Thursday, April 29, 2010

New Normal Cliche.

My cancer is gone or hiding. Weird. Sometimes I feel like my cancer experience did not warrant the range of emotions I experienced, or continue to experience. I didn't go through months of repeated chemo. I don't have stage IV anything. But I have or had a very rare, strange, and serious form of malignant cancer that was caught early. Thanks to extensive surgery and a unique chemotherapy treatment, it may be gone. Maybe it wasn't the seventh circle of hell, but it was my experience, my health, and my hell, and months of it. (Yes, I know it affected my family, kids, and friends too.) I've expressed my guilty feelings about my cancer experience before, which stems in part from the fact that I know people in far worse shape. Countless books have been written about survivor guilt. So I'll note that feeling for now and move on.

So, back to normal! And as people in my circle say, "Well, at least back to the NEW normal, right?"

What is the "new normal"? Sometimes I think that phrase is just a way to get people to accept cruddy circumstances and lousy changes. "Hey, it's normal. The NEW normal." And normal can't be bad, right? So if what seems bad is called normal, then it's not bad, by definition. It's just normal.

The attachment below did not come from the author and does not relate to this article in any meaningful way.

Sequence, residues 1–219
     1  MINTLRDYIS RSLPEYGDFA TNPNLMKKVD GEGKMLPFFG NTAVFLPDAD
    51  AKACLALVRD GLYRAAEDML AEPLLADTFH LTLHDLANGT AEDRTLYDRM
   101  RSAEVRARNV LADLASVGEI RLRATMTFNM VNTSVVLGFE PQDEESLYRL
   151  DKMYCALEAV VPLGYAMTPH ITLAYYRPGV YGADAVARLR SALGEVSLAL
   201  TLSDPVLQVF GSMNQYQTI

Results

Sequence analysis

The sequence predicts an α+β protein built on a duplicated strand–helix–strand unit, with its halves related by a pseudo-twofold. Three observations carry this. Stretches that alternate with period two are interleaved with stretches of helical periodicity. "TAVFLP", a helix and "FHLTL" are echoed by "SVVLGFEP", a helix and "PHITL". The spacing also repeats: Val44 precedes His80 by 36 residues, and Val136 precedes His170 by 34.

It's like a coffee shop that has three cup sizes, but they are medium, large, and extra large. If you want the middle-sized coffee, you have to order their "large." It's not medium, it's large! It's not bad, it's normal! You just shift everything one category over, up, or down. It's so American, like grade inflation and vanity sizes. Change the definitions to make us feel better.

Same with cancer. You recalibrate, and set new expectations based on your shifted landscape, and call your medium cup "small" so you can feel like it will runneth over with goodness faster. (You mix a lot of metaphors, too, apparently.)

Maybe that's okay, though, if it helps you cope. Maybe it helps you find a new point of view, a perspective that you missed.

(Image from, click on it for the venti version.)

But, dang it, I refuse to accept "cruddy" as my new "normal." No, I want a really big cup of way-above-normal. Hell, I want the plenta, it's like drinking from a KFC bucket.

One more thing I want to change. (Only one more, Dan?) It's funny how I always say "my" cancer, like in the first line of this post. Well, maybe funny isn't the right word. But I want to remember not to say "my" cancer from now on. It's not mine and I don't want it.

Where's Dan?

Working! Sorry!

Friday, April 23, 2010

Link to a longer story about Prekkie...

The Most Excellent Prekkie

"ANOTHER inspirational chapter in the story of Steve Prescott’s fearless battle with terminal cancer will unfold over three days in London this week. Steve, surrounded by his wife, Linzi and their two boys, will be receiving a richly deserved MBE at Buckingham Palace on Friday. Then, to further underline his steely determination, the former Saints full back will pound the streets of the capital on Sunday in the London Marathon, gunning to beat the time he recorded two years ago. The 36-year-old is being honoured with the MBE for his services to rugby league and his colossal efforts for charity over the past three years...." Full story HERE